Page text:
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Today's News

  • Help offered Saturday on new health-care laws

    Oak Ridge Library will have an Affordable Care Act event this weekend to help people enroll in the new Exchanges and offer information on health-care reform.

    The session will be from 2 to 5:30 p.m. Feb. 22 in the library auditorium at 1401 Oak Ridge Turnpike.

    Volunteers will be available to provide information enrollment assistance for those interested in signing up for health insurance under the new Exchanges. A Spanish translator will also be available.

  • THP sobriety checks set in Roane County

    The Tennessee Highway Patrol will conduct a sobriety roadside safety checkpoint from 9 to 10 p.m. Feb. 28 at the new bridge on Hwy. 58.

    Another sobriety checkpoint, also at the new bridge, will be conducted during the week of March 16.

    Impaired driving is a serious crime that kills more than 16,000 people and injures 305,000 others every year in the United States, said a release from the THP.

  • The Garden Gate: Snow, ice good for spring, summer gardens

    Snow and ice add their own touches of beauty to a winter garden.

    We have had more snow and ice in recent weeks than we want to cope with, creating driving perils, canceled appointments and high heating bills. But as ice and snow melt, they add many nutrients to the soil. Those nutrients will help fertilize a summer garden to come.

    Harvesting ice is still a wintertime industry in some of the most northern states. There, the whine of power saws can be heard over frozen lakes, where they cut 14-inch-thick cubes of ice.

  • Bears learn too at Kingston Elementary

    Keaton Swicegood, left, and Ellie Layne talk into whisperphones as they read library books to their bears on Bring Your Bear to School day at Jennifer Raymer and Elisabeth Igou’s Kingston Elementary kindergarden classroom. 

    This week the students are learning about the letter “B” and are incorporating the bears in all subjects.
    For example Raymer explains how the students will use the bears during Math to help with counting.

  • Lady 'Cats hold off Oneida for District 4-A crown

    With the District 4-A championship on the line, Oliver Springs junior Emily Griffith was not going to let the flu keep her down, as Griffith put on a show Tuesday night in leading the Lady ’Cats to a 56-53 victory over Oneida in the District 4-A Tournament championship game at Wartburg.

    Griffith scored 25 points and dished out six assists despite being visibly tired at times in the contest.

  • More time for Leon Houston?

    The government isn’t happy that Leon Houston’s sentencing range is 10 to 16 months.

    So much so that Assistant United States Attorney David Jennings is planning to present evidence to argue why Houston deserves more time.

    “The calculated guidelines range of 10-16 months does not adequately reflect the criminal history of the defendant, nor his danger to the community,” Jennings said in a court filing last week. “Therefore, the United States will be seeking an upward departure from the guidelines range.”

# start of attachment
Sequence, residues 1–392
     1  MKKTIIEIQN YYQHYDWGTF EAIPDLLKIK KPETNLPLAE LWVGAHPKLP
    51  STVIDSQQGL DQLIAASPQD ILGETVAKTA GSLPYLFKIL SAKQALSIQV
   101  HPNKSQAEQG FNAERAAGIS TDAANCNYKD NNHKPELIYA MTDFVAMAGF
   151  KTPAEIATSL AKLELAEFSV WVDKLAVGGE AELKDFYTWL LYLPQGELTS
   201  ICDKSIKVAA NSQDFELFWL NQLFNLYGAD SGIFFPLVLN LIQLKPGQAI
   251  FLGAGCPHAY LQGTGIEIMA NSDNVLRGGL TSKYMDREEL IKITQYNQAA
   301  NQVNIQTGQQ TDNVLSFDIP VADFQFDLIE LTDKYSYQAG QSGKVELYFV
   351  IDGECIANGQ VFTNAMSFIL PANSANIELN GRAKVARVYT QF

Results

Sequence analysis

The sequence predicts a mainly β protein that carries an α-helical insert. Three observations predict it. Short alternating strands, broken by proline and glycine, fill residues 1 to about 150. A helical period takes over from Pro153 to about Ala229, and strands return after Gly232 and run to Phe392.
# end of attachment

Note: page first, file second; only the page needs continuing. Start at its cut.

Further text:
• REU breaks usage record

    TVA wasn’t the only one breaking records during the frigid cold snap last month.

    Rockwood Electric Utility also set a record at 7 a.m. on Jan. 7.

    “We had an al-time system peak,” said system engineer Bill Musrock. “We were right at 89 megawatts.”

    The previous record was 86 megawatts in 2009.

    “We have several programs we use to help keep our peaks down. Peak shaving is very valuable to us,” Musrock said.

  • Fleischmann, Wamp good with UAW loss

    Congressman Chuck Fleischmann applauded the outcome of the secret ballot election at the Volkswagen plant in Chattanooga.

    So did his opponent, Weston Wamp.

    Employees there voted against being represented by the United Auto Workers.

    “I am very happy with the results of this vote,” Fleischmann said in a prepared statement. “Volkswagen has been a wonderful part of Chattanooga, and I look forward to their continued growth.

  • $500 reward offered after field damaged

    Tennessee Eagles Radio Control Club is trying to find out who has been riding a four-wheeler on its flying field, damaging the earth during the wet winter weather in recent weeks.

    There’s even a reward involved.

    Safety officer Bob Freels said club members are willing to pay $500 to someone providing information that leads to an arrest and conviction.

    “It has taken us seven years to get the grass to grow there. We try to take care of it,” said Freels.

  • TVA wants discrimation suit dismissed

    TVA has formally asked for dismissal of a federal lawsuit filed by a Knoxville man last July.

    Corey Hedrick claims he was subjected to racial bullying and sexual harassment while working as a laborer for G.UB.MK Constructors at TVA’s Kingston Fossil Plant in 2011. G.UB.MK had a contract with TVA, the suit said.

    He claims G.UB.MK and TVA retaliated against him when he tried to protect himself from alleged bullying and harassment.